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William B. Davie Alfred Moore Danl. Smith Landon Carter Alexander Outlaw North Carolina { William Davie . Of Halifax North Carolina. Was a member of the Convention which framed the Constitution of the U.S. Is a good federalist, a good lawyer, a member of the legislature of N. Carolina and well acquainted with the people of Tenissee. Alfred Moore . Perhaps a man of more genius than Mr. Davie....
Constitution. Lieutenants. 1 2 3 & 4. Benjn. Lee Boston. Isaac Hull. Do. Richard O’Beal, Massachusetts. Wm. H. Wattles Connecticut. David Phipps Do.— James Hodge Philad. John Augustus Spotswood Virginia Edward Wyer of Mass. Midshipman Marines. John Wm. Livingston. N. York Lemuel Clerk Boston. Oram N. Carolina. Henry Caldwell. Vermont. Frederick Dalcho. Maryland. Surgeon. Read. Surgeon’s Mates....
Once more at home, and I flatter myself recovered from the fatigues of your journey. You have witnessed on your route the great affection and attachment of the people and the sound part of the community, which is still visible in every company I go into, and which I am persuaded will not diminish, though the external marks of it may gradually be less strongly expressessed. This is the least...
I have received to-day your letter of the 3d inst. which contained the agreeable account of your safe arrival at home, and the objects with which you are surrounded. I am not sorry to hear that you have found so immediate employment; for altho’ I wish the hammering business was over and the smell of the oil gone I do not think either so great an enemy to happiness as having nothing to do. I...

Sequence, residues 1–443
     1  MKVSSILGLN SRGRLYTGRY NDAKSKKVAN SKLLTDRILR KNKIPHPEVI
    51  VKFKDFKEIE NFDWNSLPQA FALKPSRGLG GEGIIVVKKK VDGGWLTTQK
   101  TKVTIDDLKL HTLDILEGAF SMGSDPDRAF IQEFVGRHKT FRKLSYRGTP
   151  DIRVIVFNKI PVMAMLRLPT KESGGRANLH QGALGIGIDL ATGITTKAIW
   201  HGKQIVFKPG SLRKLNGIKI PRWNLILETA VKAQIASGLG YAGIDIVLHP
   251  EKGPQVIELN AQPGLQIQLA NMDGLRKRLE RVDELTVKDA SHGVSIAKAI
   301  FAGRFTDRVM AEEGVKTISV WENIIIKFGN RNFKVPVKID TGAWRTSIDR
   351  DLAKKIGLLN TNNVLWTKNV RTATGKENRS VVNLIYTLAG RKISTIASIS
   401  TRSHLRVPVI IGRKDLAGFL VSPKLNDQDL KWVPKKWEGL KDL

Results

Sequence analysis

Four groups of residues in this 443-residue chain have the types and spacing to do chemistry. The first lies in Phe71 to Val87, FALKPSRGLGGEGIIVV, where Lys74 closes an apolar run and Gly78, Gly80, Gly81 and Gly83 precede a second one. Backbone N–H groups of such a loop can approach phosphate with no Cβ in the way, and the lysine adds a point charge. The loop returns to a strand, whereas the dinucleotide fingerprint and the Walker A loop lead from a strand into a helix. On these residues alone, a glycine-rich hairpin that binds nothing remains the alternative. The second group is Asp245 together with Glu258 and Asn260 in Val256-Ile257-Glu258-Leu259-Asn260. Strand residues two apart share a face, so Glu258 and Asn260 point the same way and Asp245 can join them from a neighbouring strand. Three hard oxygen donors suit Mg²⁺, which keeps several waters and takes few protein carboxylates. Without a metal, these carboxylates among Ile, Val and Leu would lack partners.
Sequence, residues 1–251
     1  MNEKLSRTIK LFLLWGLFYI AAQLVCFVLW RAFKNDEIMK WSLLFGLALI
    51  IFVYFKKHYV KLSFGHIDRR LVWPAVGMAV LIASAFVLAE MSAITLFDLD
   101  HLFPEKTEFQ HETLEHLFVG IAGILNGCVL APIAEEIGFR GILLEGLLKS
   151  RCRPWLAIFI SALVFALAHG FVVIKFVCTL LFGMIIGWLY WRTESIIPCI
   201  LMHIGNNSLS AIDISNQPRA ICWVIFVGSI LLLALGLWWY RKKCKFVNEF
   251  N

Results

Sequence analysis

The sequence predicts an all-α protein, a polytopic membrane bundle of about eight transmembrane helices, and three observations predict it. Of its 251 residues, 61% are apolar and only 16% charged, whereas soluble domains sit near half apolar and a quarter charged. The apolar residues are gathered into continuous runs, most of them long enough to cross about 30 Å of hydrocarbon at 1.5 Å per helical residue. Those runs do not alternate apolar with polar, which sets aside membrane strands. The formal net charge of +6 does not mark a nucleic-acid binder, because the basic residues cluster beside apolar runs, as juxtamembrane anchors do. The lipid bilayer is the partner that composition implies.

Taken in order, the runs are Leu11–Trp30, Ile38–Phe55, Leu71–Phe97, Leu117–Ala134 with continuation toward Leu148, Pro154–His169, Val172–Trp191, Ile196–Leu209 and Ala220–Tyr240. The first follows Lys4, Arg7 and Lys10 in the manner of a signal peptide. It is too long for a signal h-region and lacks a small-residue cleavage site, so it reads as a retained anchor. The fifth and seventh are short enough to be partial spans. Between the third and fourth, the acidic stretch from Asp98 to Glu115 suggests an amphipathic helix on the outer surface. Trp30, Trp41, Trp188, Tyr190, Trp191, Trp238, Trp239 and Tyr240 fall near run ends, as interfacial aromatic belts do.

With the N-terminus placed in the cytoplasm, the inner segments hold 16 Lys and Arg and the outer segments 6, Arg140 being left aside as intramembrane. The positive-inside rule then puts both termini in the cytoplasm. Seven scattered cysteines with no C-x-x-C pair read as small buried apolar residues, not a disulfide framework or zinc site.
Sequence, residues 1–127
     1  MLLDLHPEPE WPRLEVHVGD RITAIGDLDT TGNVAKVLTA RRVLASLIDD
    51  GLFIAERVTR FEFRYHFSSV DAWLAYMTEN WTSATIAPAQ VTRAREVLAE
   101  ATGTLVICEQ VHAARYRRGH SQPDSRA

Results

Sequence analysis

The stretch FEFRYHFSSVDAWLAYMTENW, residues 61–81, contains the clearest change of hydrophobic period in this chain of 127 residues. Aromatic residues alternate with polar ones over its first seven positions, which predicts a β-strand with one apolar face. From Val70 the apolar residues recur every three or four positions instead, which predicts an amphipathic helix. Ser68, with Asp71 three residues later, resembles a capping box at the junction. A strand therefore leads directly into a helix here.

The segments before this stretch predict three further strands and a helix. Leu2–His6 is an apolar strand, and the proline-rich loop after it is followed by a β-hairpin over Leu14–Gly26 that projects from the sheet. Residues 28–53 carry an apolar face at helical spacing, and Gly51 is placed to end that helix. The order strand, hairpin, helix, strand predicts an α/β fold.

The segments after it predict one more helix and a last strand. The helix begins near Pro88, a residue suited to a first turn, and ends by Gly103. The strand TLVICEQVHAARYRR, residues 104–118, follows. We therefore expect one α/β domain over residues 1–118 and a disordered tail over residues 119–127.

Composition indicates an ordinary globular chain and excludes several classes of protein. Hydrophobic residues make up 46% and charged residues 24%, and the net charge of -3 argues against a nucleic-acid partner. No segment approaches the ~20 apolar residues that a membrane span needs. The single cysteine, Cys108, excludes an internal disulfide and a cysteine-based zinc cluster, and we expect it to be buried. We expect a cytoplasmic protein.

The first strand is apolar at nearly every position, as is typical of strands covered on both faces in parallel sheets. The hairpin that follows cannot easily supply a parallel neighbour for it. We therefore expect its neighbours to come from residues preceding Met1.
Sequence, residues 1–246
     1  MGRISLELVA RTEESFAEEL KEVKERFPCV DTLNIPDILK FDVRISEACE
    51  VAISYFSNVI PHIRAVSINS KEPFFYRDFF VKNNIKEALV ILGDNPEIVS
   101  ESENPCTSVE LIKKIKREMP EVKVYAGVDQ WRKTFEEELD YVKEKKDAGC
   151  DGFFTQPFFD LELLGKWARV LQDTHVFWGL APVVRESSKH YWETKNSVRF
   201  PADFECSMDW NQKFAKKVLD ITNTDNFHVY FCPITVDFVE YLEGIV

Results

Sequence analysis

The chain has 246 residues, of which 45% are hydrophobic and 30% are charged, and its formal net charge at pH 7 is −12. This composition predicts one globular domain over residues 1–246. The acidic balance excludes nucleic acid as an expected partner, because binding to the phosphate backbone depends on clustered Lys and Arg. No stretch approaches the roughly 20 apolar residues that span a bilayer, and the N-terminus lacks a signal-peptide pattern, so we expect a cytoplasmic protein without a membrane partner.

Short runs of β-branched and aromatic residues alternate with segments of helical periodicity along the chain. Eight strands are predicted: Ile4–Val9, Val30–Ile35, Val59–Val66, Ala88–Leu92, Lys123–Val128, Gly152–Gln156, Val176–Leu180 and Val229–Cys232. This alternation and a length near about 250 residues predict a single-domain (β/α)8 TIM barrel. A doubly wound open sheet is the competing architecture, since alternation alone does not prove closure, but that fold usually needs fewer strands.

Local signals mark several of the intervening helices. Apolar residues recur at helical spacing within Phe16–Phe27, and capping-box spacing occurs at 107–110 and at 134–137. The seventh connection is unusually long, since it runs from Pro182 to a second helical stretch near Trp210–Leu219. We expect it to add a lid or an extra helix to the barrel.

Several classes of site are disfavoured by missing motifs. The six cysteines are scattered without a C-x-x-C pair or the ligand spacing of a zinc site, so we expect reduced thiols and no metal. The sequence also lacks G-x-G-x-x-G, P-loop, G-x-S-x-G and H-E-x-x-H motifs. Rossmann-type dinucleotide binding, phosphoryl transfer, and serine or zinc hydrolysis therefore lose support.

The quantum and kind of defensive force necessary at this juncture, and which it appears to the Sery of War, Congress ought to make immediate provision for, may be calculated, 1st with reference simply to France; and 2dly with reference to France and Spain united. This force, calculated with reference to France only, will have for objects; the protection of our commerce; the securing our...
Yesterday Mrs Murray Mr Murray and Mr Dandridge left this City for Amsterdam. Mr Dandridge had reced your letter on Saturday. He has left a thermometer with me for a post in Jersey. It is a present from you, but what is the name of the post, and where does he live? I believe in my hurry I have not detailed the facts to you respecting Gen. Pinckney as particular as I ought. The principal are as...
Conceiving it proper that you should be informed of the arrangements, regulations and instructions, relative to the most important objects in the department of War, I have caused the same to be copied, and herewith respectfully submit them— With the greatest respect / I have the honor to be / Sir / Your obed servant MHi : Adams Papers.
The letter you sent me has been confined to myself; but the other letters you have written on the same subject, has in your successor at least created some unpleasant feelings. Where opinions clash, and where superiority is made too apparent something a little like envy will come into play especially should a suspicion take place that pains are used to gain proselites. I have this moment...
I enclose you a further request on the subject of the paper communicated to you in my last, that you may have the whole before you and that you may aid me with your talents and experience. It strikes me that, it will be proper for the Pres. to state to Congress the species of defensive force necessary for the occasion, and consider it an essential attribute of negociations I had given him in...
The Secretary of War, in conformity with the desire of the President as expressed in his letter of the 14th instant has the honour to submit the following suggestions. 1st Question. It is difficult to fix the precise point at which indignity or affront from one state to another ceases to be negotiable without absolute humiliation and disgrace. For the most part it is a relative...